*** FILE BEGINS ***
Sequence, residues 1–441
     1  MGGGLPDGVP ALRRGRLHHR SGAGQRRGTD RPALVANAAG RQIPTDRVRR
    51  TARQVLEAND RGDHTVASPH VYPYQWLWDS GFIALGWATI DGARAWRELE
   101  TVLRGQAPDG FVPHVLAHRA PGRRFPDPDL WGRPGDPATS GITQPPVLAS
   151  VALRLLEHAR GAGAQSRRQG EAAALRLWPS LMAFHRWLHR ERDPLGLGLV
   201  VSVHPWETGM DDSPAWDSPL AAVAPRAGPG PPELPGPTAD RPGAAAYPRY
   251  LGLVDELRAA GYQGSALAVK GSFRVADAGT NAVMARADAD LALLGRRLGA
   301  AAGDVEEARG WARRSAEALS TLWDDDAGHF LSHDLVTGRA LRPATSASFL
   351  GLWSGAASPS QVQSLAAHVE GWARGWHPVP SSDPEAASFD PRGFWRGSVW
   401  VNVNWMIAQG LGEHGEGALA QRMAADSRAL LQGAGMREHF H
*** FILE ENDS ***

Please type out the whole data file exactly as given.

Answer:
Sequence, residues 1–441
     1  MGGGLPDGVP ALRRGRLHHR SGAGQRRGTD RPALVANAAG RQIPTDRVRR
    51  TARQVLEAND RGDHTVASPH VYPYQWLWDS GFIALGWATI DGARAWRELE
   101  TVLRGQAPDG FVPHVLAHRA PGRRFPDPDL WGRPGDPATS GITQPPVLAS
   151  VALRLLEHAR GAGAQSRRQG EAAALRLWPS LMAFHRWLHR ERDPLGLGLV
   201  VSVHPWETGM DDSPAWDSPL AAVAPRAGPG PPELPGPTAD RPGAAAYPRY
   251  LGLVDELRAA GYQGSALAVK GSFRVADAGT NAVMARADAD LALLGRRLGA
   301  AAGDVEEARG WARRSAEALS TLWDDDAGHF LSHDLVTGRA LRPATSASFL
   351  GLWSGAASPS QVQSLAAHVE GWARGWHPVP SSDPEAASFD PRGFWRGSVW
   401  VNVNWMIAQG LGEHGEGALA QRMAADSRAL LQGAGMREHF H